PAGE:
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Goldman Sachs warns Russia’s war on Ukraine could plunge U.S. and Europe into recession

March 11, 2022, 9:57 AM UTC

Inflation is at a 40-year-high. Energy prices are soaring. And now Wall Street is uttering the dreaded S-word—stagflation—or slowing economic growth amid a surge in prices. These macro headwinds are adding volatility to the global markets.

In successive client notes on Thursday, Goldman Sachs downgraded its growth outlook for the United States and for the European Union. Goldman analysts had particularly dire words for the latter.

“The Russia-Ukraine conflict has dented our previously optimistic views on Europe’s economic and asset market outlook. Largely due to the sharp increase in energy prices and the potential for additional supply disruptions, our Europe Economics team has revised down their baseline forecasts for 2022 Euro area GDP growth to 2.5% from 3.9%,” Zach Pandl, cohead of foreign exchange strategy, told investors.

Recession risk

Goldman is also blaming the Russian invasion of Ukraine for its souring outlook on the world’s biggest economy. It lowered its full-year real 2022 GDP growth forecast for the United States by 25 basis points, to +1.75%. That’s nearly a full percentage point below the consensus estimate, which could itself shrink should the war in Ukraine persist, Wall Street warns.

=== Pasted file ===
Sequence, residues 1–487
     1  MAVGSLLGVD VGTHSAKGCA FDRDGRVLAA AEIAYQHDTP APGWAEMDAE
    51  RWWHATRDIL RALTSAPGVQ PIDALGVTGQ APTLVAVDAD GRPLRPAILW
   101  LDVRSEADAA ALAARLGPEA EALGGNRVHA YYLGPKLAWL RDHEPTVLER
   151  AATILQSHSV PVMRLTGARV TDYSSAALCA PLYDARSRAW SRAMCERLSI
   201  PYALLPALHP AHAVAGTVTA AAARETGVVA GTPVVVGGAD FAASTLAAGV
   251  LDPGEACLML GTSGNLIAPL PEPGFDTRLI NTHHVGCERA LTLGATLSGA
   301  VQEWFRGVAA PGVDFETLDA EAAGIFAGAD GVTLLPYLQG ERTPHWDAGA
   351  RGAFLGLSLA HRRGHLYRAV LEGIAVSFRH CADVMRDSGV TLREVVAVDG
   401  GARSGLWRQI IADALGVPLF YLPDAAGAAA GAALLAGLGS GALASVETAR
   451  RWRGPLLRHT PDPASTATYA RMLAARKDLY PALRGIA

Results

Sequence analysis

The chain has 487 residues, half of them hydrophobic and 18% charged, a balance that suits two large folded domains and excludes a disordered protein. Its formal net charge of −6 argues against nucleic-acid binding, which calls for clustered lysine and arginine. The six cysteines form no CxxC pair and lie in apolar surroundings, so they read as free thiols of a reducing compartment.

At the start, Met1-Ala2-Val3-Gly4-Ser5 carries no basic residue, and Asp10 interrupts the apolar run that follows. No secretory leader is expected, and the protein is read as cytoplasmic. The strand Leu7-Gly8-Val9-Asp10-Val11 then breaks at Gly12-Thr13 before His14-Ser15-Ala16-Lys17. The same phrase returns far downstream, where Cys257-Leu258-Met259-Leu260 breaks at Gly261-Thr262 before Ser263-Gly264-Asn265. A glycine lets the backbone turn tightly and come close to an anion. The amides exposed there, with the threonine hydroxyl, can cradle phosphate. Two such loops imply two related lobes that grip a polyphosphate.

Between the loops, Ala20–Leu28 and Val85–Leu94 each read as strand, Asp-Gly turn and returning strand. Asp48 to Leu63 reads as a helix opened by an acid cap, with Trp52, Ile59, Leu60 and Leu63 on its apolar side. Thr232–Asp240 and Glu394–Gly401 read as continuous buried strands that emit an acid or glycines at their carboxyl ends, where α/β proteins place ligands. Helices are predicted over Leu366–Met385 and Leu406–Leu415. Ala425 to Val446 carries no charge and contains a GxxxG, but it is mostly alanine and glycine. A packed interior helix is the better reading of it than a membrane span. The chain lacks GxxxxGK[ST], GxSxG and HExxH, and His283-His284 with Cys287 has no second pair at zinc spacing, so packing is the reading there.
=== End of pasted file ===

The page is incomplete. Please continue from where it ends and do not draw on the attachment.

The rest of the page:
“This forecast implies below potential growth in 2022 Q1 and 2022 Q2 and potential growth for 2022 overall,” wrote Jan Hatzius, Goldman’s chief economist. “And we now see the risk that the U.S. enters a recession during the next year as broadly in line with the 20% to 35% odds currently implied by models based on the slope of the yield curve.”

After a volatile week in the markets, stocks in Europe were flat on Friday in early trading, while the Asian bourses were mostly lower ahead of the close there. Across the Atlantic, U.S. futures were dipping as well. All three major U.S. exchanges are at risk of finishing the week in the red. The big data point today: The University of Michigan index of consumer sentiment comes out before the bell.

Meanwhile, Brent crude continued its march higher, trading above $111 per barrel at 4 a.m. ET.

Elsewhere, crypto continues to sink.

Bitcoin hovered around $39,000, more than 6% off its high on Thursday. Yesterday’s consumer price index print of 7.9%, matching the fastest annual jump in prices since 1982, pushed crypto bulls to dump their digital assets. The selloff in Bitcoin and Ether in the past 24 hours has essentially wiped out the midweek rally in crypto, which was triggered by the White House’s landmark executive order on digital assets, a move that crypto adherents hope will lead to wider adoption and boost the overall market.

From stocks to crypto, risk assets are hard hit by global inflation, a situation that’s getting pounded by Russia’s war in Ukraine. Analysts see more pain ahead.

“The Russian invasion of Ukraine has added fuel to the inflationary fire, where supply-chain issues and commodity constraints will surely exacerbate pricing pressures in the near term,” said Peter Essele, head of portfolio management at Commonwealth Financial Network. “It’s quite possible that year-over-year inflation breaches the psychological benchmark of 10% by midsummer, causing a breakdown in confidence and hindrance to growth, particularly in more price-sensitive developing markets.”

Check out this Fortune must-read: “Tech investors are suffering the second stocks rout of the COVID pandemic—and Wall Street thinks it could get far worse”